Montero is currently 4th in the system on MLB.com’s ranking as a 50 FV player:
It took a little while for Montero to get comfortable in his new organization. Once he settled in and connected with organizational coaches like Andy Gonzalez and Darin Everson, he got back on track, making incredible strides in pitch recognition and cutting his chase rate. Increased patience allowed him to elevate the ball and get to his prodigious raw power more consistently, and Montero loves talking about and studying hitting.
In addition to refining his approach, the Rockies worked with Montero on adding first base to his defensive portfolio. He has really good hands and moves very well for his size, but first base might be the best spot for him long term. At the very least, the positional flexibility gives added options to get his bat into the lineup.
[Montero] has plus raw power and above-average bat control, but below-average pitch selection can undermine both. Montero is just OK at third base, but, like many of the position players in this range, fits somewhere from a platoon player to low-end starter.
Keith Law of the Athletic put Montero 5th in the system in February after previously ranking him in the overall top 100:
Montero got the do-over he needed in Double-A after flopping at that level in 2019, making a two-level jump only to try to hit with a broken hamate bone in his left wrist. He hit .279/.362/.523 for Double-A Hartford before a late promotion to Albuquerque, where he slugged .546 in 28 games and continued to put the ball in play. He’s a bad third baseman and capable enough at first, but there seems to be enough hit/power here that he could end up a solid regular.
Baseball Prospectus ranked Montero 8th in their November system write-up as a 50 OFP player:
Montero’s swing is a coiled, leveraged, mighty hack—geared for power over hit, launch over barrel control. He can get long or pull off righty spin and pops up his fair share while trying to lift the ball, but he could sneak out above-average game power despite a below-average hit tool projection.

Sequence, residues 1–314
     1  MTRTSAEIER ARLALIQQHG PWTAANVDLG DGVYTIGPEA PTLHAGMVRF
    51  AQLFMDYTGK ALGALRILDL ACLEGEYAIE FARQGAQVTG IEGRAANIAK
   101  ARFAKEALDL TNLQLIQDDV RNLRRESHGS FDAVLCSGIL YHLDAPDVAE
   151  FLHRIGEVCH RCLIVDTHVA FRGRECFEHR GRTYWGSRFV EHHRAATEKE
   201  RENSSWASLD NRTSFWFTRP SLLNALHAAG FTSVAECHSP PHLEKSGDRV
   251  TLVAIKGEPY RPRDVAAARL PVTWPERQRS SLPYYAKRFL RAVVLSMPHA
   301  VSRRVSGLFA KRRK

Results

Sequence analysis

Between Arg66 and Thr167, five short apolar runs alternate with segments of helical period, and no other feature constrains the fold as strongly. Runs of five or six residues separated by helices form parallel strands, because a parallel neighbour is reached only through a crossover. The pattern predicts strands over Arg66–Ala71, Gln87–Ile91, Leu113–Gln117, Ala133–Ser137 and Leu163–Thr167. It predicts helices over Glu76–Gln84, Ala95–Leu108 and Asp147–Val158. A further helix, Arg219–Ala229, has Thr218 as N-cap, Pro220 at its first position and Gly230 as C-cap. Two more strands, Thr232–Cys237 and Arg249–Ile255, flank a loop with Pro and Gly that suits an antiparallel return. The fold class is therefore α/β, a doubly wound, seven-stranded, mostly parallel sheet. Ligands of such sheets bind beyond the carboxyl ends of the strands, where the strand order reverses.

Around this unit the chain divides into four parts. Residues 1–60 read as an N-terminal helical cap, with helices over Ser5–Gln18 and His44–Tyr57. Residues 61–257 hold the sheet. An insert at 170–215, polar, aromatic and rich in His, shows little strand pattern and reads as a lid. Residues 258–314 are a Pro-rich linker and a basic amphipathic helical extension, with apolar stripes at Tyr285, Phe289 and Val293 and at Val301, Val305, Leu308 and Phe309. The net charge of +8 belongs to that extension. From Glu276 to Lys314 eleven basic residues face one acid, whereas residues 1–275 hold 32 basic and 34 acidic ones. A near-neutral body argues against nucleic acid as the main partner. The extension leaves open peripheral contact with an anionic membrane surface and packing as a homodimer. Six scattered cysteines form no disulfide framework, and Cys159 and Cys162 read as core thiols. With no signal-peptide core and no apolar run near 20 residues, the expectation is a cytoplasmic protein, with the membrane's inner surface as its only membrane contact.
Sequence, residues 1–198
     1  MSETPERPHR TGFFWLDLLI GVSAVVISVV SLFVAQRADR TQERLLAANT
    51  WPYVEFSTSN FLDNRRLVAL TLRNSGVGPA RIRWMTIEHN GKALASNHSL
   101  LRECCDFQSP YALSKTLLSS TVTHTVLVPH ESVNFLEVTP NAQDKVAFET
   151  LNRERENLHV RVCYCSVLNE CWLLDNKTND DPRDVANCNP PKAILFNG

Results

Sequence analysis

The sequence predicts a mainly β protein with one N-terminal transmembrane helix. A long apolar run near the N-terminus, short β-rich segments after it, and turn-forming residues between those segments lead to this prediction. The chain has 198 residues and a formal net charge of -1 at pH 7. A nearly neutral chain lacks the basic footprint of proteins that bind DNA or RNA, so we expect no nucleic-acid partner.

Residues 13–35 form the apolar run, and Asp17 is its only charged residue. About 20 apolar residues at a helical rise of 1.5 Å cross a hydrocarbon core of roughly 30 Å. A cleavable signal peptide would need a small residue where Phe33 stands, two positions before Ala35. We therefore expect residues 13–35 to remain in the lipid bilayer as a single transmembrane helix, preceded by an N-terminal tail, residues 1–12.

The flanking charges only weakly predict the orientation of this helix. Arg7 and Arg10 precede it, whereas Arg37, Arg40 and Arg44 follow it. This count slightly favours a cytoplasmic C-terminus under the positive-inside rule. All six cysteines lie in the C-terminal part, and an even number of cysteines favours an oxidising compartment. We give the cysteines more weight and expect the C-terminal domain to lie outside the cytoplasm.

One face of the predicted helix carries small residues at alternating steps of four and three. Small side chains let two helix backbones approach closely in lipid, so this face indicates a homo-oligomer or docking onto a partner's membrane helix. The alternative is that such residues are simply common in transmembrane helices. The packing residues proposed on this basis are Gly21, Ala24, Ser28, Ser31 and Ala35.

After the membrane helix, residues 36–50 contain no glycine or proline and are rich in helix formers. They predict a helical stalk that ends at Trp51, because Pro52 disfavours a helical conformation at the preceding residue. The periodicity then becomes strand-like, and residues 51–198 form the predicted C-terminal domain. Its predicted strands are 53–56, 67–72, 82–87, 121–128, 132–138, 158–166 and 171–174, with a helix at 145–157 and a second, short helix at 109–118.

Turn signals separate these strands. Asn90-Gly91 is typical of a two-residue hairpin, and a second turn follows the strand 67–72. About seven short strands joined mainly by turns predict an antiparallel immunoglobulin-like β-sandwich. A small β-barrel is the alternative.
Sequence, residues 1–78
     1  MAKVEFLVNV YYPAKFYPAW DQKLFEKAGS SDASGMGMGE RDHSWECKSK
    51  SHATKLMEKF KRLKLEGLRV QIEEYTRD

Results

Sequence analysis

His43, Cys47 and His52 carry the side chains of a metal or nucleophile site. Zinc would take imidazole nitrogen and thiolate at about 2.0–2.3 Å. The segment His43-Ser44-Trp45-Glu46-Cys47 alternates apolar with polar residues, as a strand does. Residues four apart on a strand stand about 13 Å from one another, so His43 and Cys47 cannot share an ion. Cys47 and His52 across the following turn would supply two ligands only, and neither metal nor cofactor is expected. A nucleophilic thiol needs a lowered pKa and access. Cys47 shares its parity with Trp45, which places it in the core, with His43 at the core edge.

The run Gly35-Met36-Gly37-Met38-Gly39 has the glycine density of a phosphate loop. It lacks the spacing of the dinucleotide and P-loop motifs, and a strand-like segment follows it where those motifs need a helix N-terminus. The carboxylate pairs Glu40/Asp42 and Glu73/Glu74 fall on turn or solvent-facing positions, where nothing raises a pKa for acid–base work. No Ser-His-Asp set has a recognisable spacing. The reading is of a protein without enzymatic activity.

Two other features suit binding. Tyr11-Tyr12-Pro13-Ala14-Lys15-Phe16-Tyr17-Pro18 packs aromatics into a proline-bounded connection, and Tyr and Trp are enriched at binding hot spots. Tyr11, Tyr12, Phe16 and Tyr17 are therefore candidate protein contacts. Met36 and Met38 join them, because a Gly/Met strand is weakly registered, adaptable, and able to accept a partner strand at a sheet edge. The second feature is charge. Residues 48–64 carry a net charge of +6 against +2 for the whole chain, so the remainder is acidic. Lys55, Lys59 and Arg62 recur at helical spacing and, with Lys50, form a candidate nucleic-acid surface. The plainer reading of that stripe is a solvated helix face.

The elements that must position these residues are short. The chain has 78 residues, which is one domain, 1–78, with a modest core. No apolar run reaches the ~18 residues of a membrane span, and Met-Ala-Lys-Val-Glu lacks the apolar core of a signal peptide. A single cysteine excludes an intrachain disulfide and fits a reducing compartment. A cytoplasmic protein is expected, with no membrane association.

Montero looked to be in better shape this year and played a passable third base, but is a better fit at first—although his footwork wasn’t great there either. A lot of things have to go right for Montero to be a regular, but his ability to play both infield corners and mash lefties should allow him to carve out a bench role if the swing-and-miss doesn’t get significantly worse in the majors. Despite the gaudy 2021 stat line, Montero doesn’t have huge upside given the hit tool and defensive limitations, but the pop might be enough for him to continue to air it out every day at a corner in the friendly confines of Coors.
There is still some risk he just doesn’t make enough contact or enough good contact to get the power into games even in the thin air of Denver, but Montero has all but conquered the upper minors.
Montero showed well in 2021 and so far this year with a lot of scrutiny upon him. He’ll never be Nolan Arenado (especially with the glove), but Montero is hitting like he could mash at the big league level as a regular. I ranked Montero sixth on my list as a 45 FV player because I believe in the bat’s potential but don’t know what his big league role will be.
Montero is another high-ranking PuRP in that corner infield playing time logjam, along with Michael Toglia, Colton Welker, and Ryan Vilade (sort of) behind the established big leaguers. Montero is in his third minor league option year, limiting the time he has to show he deserves that playing time over both prospects and veterans with big league service time. The arrival of the DH to the NL will help find at-bats for more players, but there’s still a lot of competition. Nonetheless, Montero has put himself in a good place with his performance in Colorado’s system to play a big league role as soon as this season.